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[Guideline] Niederle B, Pape UF, Costa F, Gross D, Kelestimur F, Knigge U, et al. ENETS Consensus Guidelines Update for Neuroendocrine Neoplasms of the Jejunum and Ileum. Neuroendocrinology. 2016. 103 (2):125-38. [Medline]. [Full Text].

[Guideline] Pape UF, Niederle B, Costa F, Gross D, Kelestimur F, Kianmanesh R, et al. ENETS Consensus Guidelines for Neuroendocrine Neoplasms of the Appendix (Excluding Goblet Cell Carcinomas). Neuroendocrinology. 2016. 103 (2):144-52. [Medline]. [Full Text].

Chapman WC, Debelak JP, Wright Pinson C, Washington MK, Atkinson JB, Venkatakrishnan A, et al. Hepatic cryoablation, but not radiofrequency ablation, results in lung inflammation. Ann Surg. 2000 May. 231 (5):752-61. [Medline].

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[Guideline] Lenders JW, Duh QY, Eisenhofer G, et al; Endocrine Society. Pheochromocytoma and paraganglioma: an endocrine society clinical practice guideline. J Clin Endocrinol Metab. 2014 Jun. 99 (6):1915-42. [Medline]. [Full Text].

[Guideline] Chen H, Sippel RS, O’Dorisio MS, Vinik AI, Lloyd RV, Pacak K, et al. The North American Neuroendocrine Tumor Society consensus guideline for the diagnosis and management of neuroendocrine tumors: pheochromocytoma, paraganglioma, and medullary thyroid cancer. Pancreas. 2010 Aug. 39 (6):775-83. [Medline]. [Full Text].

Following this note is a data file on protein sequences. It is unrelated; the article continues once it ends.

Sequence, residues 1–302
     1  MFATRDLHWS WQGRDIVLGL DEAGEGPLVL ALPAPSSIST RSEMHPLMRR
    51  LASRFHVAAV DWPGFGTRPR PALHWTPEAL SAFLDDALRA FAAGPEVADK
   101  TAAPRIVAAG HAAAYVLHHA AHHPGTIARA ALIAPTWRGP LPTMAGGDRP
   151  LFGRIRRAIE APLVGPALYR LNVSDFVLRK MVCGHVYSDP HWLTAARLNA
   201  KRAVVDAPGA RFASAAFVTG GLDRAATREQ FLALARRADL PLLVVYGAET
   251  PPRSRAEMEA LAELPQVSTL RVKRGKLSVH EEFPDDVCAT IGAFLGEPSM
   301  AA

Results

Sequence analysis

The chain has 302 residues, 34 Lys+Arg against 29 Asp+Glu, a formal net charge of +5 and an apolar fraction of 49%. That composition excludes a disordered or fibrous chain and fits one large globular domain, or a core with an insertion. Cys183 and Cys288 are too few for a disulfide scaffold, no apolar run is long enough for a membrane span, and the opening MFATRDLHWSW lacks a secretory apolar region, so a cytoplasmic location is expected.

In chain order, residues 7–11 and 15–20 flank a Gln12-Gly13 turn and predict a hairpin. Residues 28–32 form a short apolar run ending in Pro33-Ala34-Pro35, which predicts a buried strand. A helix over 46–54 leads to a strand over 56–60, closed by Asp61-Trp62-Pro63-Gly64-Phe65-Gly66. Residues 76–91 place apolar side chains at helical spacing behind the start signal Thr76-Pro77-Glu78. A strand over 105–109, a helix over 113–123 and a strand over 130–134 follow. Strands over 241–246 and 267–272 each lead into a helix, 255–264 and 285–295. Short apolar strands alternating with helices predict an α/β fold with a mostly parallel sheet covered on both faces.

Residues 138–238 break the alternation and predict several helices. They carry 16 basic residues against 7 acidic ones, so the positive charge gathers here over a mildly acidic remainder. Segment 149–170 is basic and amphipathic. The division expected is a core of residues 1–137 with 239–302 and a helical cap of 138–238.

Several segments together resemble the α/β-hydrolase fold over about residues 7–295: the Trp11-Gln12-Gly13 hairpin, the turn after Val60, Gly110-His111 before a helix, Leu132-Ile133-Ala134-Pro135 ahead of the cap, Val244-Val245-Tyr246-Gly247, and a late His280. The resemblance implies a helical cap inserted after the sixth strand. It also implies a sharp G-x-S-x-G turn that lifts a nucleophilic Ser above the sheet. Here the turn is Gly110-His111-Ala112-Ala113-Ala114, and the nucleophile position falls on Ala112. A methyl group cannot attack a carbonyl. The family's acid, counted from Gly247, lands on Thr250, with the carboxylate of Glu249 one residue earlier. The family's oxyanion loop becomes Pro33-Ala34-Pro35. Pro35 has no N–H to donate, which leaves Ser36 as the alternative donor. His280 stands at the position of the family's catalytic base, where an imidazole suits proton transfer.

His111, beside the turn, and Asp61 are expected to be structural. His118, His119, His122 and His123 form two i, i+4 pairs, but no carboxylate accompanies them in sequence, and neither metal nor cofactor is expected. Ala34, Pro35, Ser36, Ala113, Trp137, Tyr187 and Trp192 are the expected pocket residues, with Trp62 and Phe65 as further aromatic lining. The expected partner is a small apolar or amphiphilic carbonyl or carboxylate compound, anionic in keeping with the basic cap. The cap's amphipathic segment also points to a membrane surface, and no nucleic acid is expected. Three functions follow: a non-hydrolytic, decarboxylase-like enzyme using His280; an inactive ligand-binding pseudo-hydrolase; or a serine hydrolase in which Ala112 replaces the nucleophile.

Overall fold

[Guideline] Zeiger MA, Thompson GB, Duh QY, et al; American Association of Clinical Endocrinologists, American Association of Endocrine Surgeons. The American Association of Clinical Endocrinologists and American Association of Endocrine Surgeons medical guidelines for the management of adrenal incidentalomas. Endocr Pract. 2009 Jul-Aug. 15 Suppl 1:1-20. [Medline].

[Guideline] Garcia-Carbonero R, Sorbye H, Baudin E, Raymond E, Wiedenmann B, Niederle B, et al. ENETS Consensus Guidelines for High-Grade Gastroenteropancreatic Neuroendocrine Tumors and Neuroendocrine Carcinomas. Neuroendocrinology. 2016. 103 (2):186-94. [Medline]. [Full Text].

[Guideline] Falconi M, Eriksson B, Kaltsas G, Bartsch DK, Capdevila J, Caplin M, et al. ENETS Consensus Guidelines Update for the Management of Patients with Functional Pancreatic Neuroendocrine Tumors and Non-Functional Pancreatic Neuroendocrine Tumors. Neuroendocrinology. 2016. 103 (2):153-71. [Medline]. [Full Text].

Evan S Ong, MD, MS Assistant Professor of Surgery, Section of Surgical Oncology, University of Arizona College of Medicine

Evan S Ong, MD, MS is a member of the following medical societies: Society of Surgical Oncology, Americas Hepato-Pancreato-Biliary Association, American Society of Clinical Oncology

Disclosure: Nothing to disclose.

Mariclaire Cloutier Freelance editor, Medscape Drugs & Diseases

Disclosure: Nothing to disclose.